# $tB_t$ Integral representation, Brownian Motion

I never learned stochastic differential equations, and so am trying to do some self study. I've arrive at this question: $tB_t\sim N(0,t^3)$? $B_t$ is standard brownian motion. $B_t\sim N(0,t)$, so just applying standard probability, we get the $t^3$. Is that ok?

But I have derived the formula: $tB_t=\int_0^t sdB_s+\int_0^t B_sds$. I think that both integrals on the right are $N(0,\frac{1}{3}t^3)$ random variables. So I can't just add the variances on the left to get $\frac{4}{3}t^3$.

It seems that the integrals have a non-zero covariance, so this doesn't surprise me, but I can't seem to figure out what I am misunderstanding.

So my question(s): Is $$tB_t=\int_0^t sdB_s+\int_0^t B_sds$$ correct? If so, how am I to see that the left side as a $N(0,t^3)$? Since these are stochastic integrals, am I to think of the $B_s$ in each integral as a distinct random process?

Your stochastic integral formula is correct, as are your values for the variances of the two integrals on the right side. This implies that the covariance of those integrals is $t^3/6$. To see this directly, let $M_t$ denote the first stochastic integral on the right; this is a martingale. Therefore, $$\Bbb E\left[M_t\cdot\int_0^t B_s\,ds\right]=\int_0^t\Bbb E[M_tB_s]\,ds= \int_0^t \Bbb E[M_sB_s]\,ds.$$ But by the Ito Isometry formula, $$\Bbb E[M_sB_s]=\int_0^s u \,du= s^2/2,$$ Inserting this into the previous formula we get the covariance: $$\Bbb E\left[M_t\cdot\int_0^t B_s\,ds\right]=\int_0^t s^2/2\,ds = t^3/6.$$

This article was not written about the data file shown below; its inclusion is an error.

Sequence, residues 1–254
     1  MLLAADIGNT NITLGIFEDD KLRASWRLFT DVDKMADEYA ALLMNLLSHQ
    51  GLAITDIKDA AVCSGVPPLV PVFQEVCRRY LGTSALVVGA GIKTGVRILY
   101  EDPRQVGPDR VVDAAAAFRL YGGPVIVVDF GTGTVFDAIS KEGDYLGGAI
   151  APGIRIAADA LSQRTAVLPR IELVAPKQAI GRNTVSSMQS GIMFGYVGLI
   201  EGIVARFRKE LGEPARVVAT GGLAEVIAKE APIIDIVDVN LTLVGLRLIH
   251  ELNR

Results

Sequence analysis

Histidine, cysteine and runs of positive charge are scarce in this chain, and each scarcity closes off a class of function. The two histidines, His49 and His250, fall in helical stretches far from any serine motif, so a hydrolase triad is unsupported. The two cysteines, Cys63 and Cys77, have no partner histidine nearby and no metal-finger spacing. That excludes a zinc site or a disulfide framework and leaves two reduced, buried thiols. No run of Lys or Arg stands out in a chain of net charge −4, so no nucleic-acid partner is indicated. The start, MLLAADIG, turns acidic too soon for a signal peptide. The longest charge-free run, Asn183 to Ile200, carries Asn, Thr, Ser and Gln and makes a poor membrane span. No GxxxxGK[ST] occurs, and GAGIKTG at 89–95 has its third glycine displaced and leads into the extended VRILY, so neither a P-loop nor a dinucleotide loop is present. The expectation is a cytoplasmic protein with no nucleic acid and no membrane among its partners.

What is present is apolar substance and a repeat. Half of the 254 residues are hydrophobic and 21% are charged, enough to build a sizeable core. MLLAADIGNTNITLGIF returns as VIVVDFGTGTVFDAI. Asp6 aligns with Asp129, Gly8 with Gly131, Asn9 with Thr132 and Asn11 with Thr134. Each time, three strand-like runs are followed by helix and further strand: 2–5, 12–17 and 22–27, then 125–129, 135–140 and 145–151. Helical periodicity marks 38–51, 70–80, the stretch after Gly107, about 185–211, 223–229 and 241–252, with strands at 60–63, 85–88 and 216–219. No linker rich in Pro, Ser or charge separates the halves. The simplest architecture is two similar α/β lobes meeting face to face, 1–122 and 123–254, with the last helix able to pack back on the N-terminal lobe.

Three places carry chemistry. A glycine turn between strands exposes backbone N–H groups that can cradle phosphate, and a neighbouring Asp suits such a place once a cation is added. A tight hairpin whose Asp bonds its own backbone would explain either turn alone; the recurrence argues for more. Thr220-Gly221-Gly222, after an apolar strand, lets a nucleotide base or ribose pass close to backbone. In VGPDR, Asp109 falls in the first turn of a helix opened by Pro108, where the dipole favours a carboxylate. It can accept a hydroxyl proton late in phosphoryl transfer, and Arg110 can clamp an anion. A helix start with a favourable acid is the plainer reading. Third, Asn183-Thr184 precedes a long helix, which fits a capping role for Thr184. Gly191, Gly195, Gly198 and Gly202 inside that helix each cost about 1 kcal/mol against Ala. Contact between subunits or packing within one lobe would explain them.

• Thanks for the concise solution! Perfect. Would you be so kind as to make a comment about a conceptual way to think about the integral equation. I'm trying to understand it in a probability theoretic sense, in terms of the $B_t$'s being sample path realizations. Are all three the same path? I'm assuming that isn't the right way to think about it. The equation is in a distributional sense, that is both sides have the same distribution but aren't strictly equal for a given sample path. – jdods Apr 20 '16 at 22:42
• The wikipedia article en.wikipedia.org/wiki/It%C3%B4_isometry has what you need. We are looking at the $L^2$ inner product between the stochastic integral $\int_0^s u\,dB_u$ and the stochastic integral $\int_0^s 1\,dB_u$. – John Dawkins Apr 21 '16 at 13:06
• So then $E(\int XdW\cdot\int YdW)=E(\int XYdt)$ is a general result (for appropriate cases)? It was just a little unclear from the Wikipedia article. – jdods Apr 21 '16 at 19:13
• Yes, for $W$ a Brownian motion. – John Dawkins Apr 21 '16 at 20:12